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  5. "El agua se fue por el desagü…

"El agua se fue por el desagüe."

Translation:The water went down the drain.

January 1, 2013

17 Comments


https://www.duolingo.com/profile/gloriadl

but it is proper spainish. translations are not literal. you are translating the idea, not each word. Por, in spainish also means through. It does show the english translation correctly as: "The water went down the drain".

January 12, 2013

https://www.duolingo.com/profile/Iago

Why is it "se fue" and not just "fue" in this case?

February 1, 2013

https://www.duolingo.com/profile/wyzra

From what I've learned in this lesson so far, putting "se" in front of conjugates of "ir" (e.g., fue) changes the meaning from "going" to "leaving". There are a few other words that can be modified by adding the appropriate reflexive pronoun in front.

February 2, 2013

https://www.duolingo.com/profile/gritajay

Yes. And knowing this, I used the word "left" instead of "went." I got it wrong.

March 7, 2013

https://www.duolingo.com/profile/Nothingtosee

Me too. But I think still this sentence indicates going from a place and not going to a place, so maybe that's why it's more appropriate to use "irse".

May 23, 2013

https://www.duolingo.com/profile/zygiella

I agree, in this sentence "went down" kind of means "left".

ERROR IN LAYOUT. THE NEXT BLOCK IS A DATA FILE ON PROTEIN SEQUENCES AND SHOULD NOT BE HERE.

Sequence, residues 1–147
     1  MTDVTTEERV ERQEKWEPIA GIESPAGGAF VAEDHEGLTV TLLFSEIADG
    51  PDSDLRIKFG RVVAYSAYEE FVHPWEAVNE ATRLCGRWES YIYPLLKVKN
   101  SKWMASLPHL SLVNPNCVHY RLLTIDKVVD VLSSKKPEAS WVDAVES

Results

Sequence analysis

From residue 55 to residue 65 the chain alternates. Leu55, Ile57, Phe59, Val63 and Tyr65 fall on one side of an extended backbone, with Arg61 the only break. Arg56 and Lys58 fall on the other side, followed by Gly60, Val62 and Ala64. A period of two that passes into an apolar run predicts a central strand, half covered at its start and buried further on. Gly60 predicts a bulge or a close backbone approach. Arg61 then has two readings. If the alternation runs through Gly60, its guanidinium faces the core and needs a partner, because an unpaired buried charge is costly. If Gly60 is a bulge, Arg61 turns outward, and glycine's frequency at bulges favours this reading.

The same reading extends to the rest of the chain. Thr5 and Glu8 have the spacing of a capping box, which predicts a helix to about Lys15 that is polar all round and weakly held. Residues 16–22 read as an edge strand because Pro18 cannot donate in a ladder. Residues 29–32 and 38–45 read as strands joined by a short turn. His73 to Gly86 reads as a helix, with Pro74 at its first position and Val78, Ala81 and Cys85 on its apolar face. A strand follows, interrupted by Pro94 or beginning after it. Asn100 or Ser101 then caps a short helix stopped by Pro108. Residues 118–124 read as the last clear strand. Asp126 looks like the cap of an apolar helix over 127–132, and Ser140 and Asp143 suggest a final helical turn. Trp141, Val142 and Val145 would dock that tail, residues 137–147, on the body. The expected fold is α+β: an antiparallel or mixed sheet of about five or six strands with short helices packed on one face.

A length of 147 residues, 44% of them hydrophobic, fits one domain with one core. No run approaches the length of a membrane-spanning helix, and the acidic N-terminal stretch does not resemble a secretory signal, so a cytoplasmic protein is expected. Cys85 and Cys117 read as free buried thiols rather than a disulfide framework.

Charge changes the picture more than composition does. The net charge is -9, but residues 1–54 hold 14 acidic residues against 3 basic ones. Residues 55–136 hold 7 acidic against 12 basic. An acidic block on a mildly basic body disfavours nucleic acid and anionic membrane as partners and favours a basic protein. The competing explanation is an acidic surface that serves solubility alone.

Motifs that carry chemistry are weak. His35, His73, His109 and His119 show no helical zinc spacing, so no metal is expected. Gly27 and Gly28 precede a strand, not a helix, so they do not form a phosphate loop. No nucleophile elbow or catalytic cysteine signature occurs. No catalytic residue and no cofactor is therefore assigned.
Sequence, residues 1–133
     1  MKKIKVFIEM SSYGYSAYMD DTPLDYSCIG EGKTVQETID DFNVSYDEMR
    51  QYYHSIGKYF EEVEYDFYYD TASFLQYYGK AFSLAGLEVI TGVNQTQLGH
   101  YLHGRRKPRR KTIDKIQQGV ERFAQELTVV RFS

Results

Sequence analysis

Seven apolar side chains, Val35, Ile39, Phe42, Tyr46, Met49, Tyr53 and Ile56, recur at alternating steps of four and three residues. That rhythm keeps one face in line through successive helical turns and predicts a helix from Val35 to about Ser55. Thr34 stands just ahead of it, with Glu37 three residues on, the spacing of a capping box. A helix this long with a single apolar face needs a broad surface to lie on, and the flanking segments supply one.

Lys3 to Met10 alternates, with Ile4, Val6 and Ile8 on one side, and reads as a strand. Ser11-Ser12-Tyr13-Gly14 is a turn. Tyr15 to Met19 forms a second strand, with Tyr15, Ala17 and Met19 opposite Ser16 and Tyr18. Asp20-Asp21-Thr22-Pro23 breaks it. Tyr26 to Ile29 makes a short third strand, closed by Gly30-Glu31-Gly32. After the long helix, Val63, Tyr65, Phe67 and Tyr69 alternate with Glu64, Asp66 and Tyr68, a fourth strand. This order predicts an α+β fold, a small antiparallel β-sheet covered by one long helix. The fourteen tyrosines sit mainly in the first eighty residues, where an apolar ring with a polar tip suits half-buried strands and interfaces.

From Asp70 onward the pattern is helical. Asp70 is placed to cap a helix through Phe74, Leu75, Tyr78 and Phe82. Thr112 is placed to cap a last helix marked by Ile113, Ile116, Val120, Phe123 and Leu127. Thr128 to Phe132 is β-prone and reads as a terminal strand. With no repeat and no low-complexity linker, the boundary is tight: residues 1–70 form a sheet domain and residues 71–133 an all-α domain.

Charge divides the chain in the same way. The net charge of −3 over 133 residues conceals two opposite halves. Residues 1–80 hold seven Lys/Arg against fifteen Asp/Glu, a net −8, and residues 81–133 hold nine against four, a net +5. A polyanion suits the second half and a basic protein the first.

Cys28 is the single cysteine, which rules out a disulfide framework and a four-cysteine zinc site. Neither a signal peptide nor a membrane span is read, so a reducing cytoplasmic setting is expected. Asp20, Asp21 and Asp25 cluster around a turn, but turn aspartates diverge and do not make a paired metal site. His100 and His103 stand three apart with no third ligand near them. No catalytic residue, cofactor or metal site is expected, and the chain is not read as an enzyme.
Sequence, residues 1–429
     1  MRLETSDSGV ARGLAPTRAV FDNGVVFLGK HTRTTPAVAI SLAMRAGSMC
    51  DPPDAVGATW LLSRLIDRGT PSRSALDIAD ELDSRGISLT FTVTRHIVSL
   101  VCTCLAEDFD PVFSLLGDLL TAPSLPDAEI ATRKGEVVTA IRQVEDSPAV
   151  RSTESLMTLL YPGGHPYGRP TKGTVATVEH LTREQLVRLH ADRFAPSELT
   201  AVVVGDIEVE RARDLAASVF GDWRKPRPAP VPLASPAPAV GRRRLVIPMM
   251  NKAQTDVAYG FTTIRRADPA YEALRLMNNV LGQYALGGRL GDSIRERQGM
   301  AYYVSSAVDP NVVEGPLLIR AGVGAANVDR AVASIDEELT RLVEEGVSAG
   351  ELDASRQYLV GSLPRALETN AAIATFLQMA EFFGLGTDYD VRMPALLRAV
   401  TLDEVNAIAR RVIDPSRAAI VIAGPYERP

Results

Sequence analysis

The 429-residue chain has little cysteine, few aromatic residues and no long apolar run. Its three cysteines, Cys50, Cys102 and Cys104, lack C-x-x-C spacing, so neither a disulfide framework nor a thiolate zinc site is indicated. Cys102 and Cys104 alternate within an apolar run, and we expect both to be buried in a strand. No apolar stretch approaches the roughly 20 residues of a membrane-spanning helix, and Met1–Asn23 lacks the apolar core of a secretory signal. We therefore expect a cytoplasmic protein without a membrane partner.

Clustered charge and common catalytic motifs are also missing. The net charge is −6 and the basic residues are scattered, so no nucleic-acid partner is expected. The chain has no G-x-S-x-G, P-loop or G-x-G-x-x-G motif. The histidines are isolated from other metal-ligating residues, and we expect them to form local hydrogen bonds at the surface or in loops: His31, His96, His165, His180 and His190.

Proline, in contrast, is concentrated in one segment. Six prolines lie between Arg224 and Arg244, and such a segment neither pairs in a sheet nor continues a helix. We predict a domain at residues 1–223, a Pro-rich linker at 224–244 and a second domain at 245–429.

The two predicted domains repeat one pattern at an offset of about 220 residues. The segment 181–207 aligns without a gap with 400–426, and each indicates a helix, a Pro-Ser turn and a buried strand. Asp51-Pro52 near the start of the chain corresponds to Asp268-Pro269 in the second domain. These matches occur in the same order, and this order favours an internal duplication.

June 10, 2013

https://www.duolingo.com/profile/Wonderboy6

Can someone please confirm what wyzra pleeease :)

June 17, 2013

https://www.duolingo.com/profile/bluemarimba

We're dealing with the reflexive use of the "ir" verb. The water (itself) went. It is both the subject (actor) and the object (one acted upon), so you must add the reflexive pronoun "se" before the verb.

July 6, 2013

https://www.duolingo.com/profile/learnTACO32

same question Why cant the sentence be structured as "El agua fue por el desague" The use of SE seems random and unexplained to me thus far. I see sentences using ir/fue without the SE ...and others with the SE. Why do i need the SE?

June 23, 2013

https://www.duolingo.com/profile/skopjeeran

this is not proper English. Water goes out the drain, or down the drain but not by the drain

January 1, 2013

https://www.duolingo.com/profile/michisjourdi

What's wrong with the main translation, "The water went down the drain." ?

January 14, 2013

https://www.duolingo.com/profile/clawedinvader

We do use 'by' in that way. It is short for 'by way of' (as in 'via' or 'through'). I think that "The water went by (way of) the drain" is perfectly acceptable, it is just unusual to use it in this way.

April 22, 2013

https://www.duolingo.com/profile/DDaSilva

I agree

January 9, 2013

https://www.duolingo.com/profile/michisjourdi

"The water went through the drain." is one acceptable translation.

January 14, 2013

https://www.duolingo.com/profile/iakobski

but "the water went into the drain" is not accepted. Perhaps it should be?

May 25, 2013

https://www.duolingo.com/profile/cdntinpusher

I understand that there are idiomatic ways of saying things in different languages and that eventually one will learn them, but is there an easier way to say this sentence in Spanish for a neophyte? For example "El agua fue abajo el desague." ?

April 24, 2013

https://www.duolingo.com/profile/tac0st0mper

the water left by the drain is wrong i think it isnt thank u lil b

June 27, 2013
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